Have you ever noticed how a day out in the woods, filling fresh air into your lungs makes you feel a little bit better? Well, seems you aren't alone, and it's even being increasingly prescribed by doctors as an alternative to medication. According to an article on Mother Nature Network, DC Park Rx, a health initiative combining the American Academy of Pediatrics, the National Park Service, the D.C. departments of Health and Parks and Recreation, U.S. Health and Human Services, National Environmental Education Foundation, George Washington University, National American Academy of Pediatrics, and the National Recreation and Parks Association have joined forces to encourage US doctors to look at an alternative, alternative prescription for patients.
Apparently, their efforts are working, with more than 500 nature prescriptions have been written by health care providers in Washington D.C. Whilst there has yet to be an official finding, anecdotal evidence thus far is said to be positive. So go AFK for a bit. It could be good for your health.
"Bodies are 3-dimensional but clothing is traditionally made from flat material that is cut and painstakingly pieced together" says Nervous Systems, the creators of this 3D-printed dress, further commenting that "In contrast, Kinematics garments are created in 3D, directly from body scans, and require absolutely no assembly." This futuristic looking dress looks like something out of a futuristic sci-Fi feature film, however it's a very real thing - and you can own one too.
The dress in question has been labeled as 4D rather than the expected 3D, this is common practice when 3D-printed objects are "designed to change over time in response to their environment" as according to CNET.
This dress was designed by Kinematics and is constructed using 2,279 rigid, interlocking triangles which are connected to 3,316 hinges printed in a single piece. The hinges mean that the dress can conform to a human body, much as seen through regular clothing - allowing it to flow and move like fabric would.
As seen through his personal Twitter banner, Peter Lik has just nabbed himself a hefty paycheck, selling a recent black and white photo titled Phantom for a cool $6.5 million.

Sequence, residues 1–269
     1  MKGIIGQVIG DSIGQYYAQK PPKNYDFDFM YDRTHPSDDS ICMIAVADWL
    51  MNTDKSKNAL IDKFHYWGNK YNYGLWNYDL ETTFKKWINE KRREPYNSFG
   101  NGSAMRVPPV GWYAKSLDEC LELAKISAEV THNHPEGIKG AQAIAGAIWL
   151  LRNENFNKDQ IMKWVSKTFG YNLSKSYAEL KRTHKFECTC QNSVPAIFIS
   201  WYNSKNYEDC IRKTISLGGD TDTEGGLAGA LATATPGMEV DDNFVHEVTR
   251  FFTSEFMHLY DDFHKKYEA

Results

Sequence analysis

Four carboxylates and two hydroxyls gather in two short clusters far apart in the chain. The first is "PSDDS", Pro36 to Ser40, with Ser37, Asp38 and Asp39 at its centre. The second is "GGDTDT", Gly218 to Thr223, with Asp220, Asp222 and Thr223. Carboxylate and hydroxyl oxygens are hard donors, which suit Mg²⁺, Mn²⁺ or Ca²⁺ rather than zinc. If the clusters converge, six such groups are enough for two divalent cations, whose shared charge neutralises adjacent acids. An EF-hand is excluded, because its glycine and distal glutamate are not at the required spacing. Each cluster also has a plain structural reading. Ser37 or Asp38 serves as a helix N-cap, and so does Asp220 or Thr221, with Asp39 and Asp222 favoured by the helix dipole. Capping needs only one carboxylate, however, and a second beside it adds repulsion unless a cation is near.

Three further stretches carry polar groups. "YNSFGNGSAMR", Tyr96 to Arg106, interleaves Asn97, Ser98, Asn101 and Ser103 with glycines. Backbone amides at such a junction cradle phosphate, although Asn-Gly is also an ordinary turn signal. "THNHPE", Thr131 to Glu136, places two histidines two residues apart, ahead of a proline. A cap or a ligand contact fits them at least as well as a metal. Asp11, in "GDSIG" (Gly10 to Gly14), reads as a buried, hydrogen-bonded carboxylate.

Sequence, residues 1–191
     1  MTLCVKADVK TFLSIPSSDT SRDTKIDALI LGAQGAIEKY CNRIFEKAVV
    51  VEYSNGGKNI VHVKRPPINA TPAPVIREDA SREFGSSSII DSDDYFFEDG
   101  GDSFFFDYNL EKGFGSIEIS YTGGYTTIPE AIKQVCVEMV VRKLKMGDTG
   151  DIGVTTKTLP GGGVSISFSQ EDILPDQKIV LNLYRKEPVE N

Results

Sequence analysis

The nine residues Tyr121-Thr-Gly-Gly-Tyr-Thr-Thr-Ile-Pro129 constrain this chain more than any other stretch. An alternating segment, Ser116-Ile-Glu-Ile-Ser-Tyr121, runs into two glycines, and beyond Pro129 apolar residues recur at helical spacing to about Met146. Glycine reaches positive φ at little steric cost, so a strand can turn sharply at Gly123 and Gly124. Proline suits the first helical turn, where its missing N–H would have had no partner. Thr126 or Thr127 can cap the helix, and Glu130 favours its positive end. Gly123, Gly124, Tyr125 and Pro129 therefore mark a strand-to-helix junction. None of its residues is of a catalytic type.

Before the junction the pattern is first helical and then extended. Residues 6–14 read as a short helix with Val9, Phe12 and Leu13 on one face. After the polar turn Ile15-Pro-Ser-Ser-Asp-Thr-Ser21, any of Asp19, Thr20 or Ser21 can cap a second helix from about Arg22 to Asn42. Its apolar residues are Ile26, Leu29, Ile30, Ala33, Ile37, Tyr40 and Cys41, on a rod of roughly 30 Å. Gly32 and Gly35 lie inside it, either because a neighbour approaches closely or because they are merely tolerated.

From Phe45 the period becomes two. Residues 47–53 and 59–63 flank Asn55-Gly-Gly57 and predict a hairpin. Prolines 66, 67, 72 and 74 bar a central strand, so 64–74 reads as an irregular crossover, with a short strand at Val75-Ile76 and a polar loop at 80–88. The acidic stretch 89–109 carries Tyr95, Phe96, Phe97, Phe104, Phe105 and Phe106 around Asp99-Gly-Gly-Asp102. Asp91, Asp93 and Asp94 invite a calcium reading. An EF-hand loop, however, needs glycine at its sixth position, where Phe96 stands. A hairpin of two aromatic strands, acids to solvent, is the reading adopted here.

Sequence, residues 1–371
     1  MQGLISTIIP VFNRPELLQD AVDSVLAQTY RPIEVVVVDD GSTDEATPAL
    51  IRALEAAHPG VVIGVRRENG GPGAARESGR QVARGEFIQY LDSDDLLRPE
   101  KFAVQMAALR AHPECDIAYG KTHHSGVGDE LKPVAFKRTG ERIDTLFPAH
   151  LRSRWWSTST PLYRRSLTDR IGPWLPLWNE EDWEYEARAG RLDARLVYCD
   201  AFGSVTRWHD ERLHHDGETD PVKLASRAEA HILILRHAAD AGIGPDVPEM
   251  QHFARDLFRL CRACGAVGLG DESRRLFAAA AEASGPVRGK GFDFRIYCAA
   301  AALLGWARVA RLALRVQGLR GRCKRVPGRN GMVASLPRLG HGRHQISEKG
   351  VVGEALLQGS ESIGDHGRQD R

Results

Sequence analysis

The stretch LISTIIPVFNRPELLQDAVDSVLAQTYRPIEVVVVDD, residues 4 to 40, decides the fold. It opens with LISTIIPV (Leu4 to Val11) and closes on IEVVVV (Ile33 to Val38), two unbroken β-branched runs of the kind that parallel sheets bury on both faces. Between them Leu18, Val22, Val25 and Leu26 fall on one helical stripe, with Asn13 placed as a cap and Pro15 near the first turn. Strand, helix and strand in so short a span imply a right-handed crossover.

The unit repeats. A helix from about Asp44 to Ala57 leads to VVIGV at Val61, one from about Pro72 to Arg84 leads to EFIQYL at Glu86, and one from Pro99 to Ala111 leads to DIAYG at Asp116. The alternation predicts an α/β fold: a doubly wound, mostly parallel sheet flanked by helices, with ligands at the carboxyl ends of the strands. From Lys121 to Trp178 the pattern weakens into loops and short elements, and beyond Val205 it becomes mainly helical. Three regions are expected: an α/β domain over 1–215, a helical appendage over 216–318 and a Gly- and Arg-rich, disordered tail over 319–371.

Born in Melbourne-Australia and currently residing in the United States, Lik now lays claim to four of the 20 most expensive photo's sold in the world. This latest piece is a black-and-white nature shot taken in Arizona's Antelope Canyon - located in the south-west corner of America. Commenting that he is often drawn to this area due to it's natural beauty, he's been able to capture this monstrous canyon carved out by natural flowing water in all its beauty.
We've been reading reports that Chinese online-TV streaming services have been giving people 502 server error codes. Thanks to information published by Chiphell, we've now found exactly what the issue is.
According to local reports, many TV websites were abruptly stopped from servicing their customers on Friday the 21st of November, local time. This issue carried out throughout the whole day, with access finally being restored later in the night.
On October the 28th, reports came to light that due to copyright pressure, many websites will completely remove all download links to copyright-free resources by the end of November. Claiming that by early November, these websites will further be blacklisted by the American Film Institute.
NASA have had a few rocky years, with the end of the space shuttle program and the Obama administration cutting funding to the agency. However, today NASA is red-faced following the explosion of the multi-million dollar Antares rocket and Cygnus spacecraft which fell back to earth and pummeled the launch pad shortly after take-off.
NASA has not yet detailed preliminary reasons behind the failure, other than describing it as a "catastrophic anomaly", which would seem to be fairly obvious to anyone watching the footage. The Cygnus spacecraft atop the Antares was bound for the International Space Station and carrying nearly 2.5 tonnes of supplies.
NASA has hastily scheduled a press conference shortly to discuss the failure.
Following the Texas Ebola outbreak from earlier this month, the virus has now appeared in the city that never sleeps, with the first case being diagnosed at New York's Bellevue Hospital.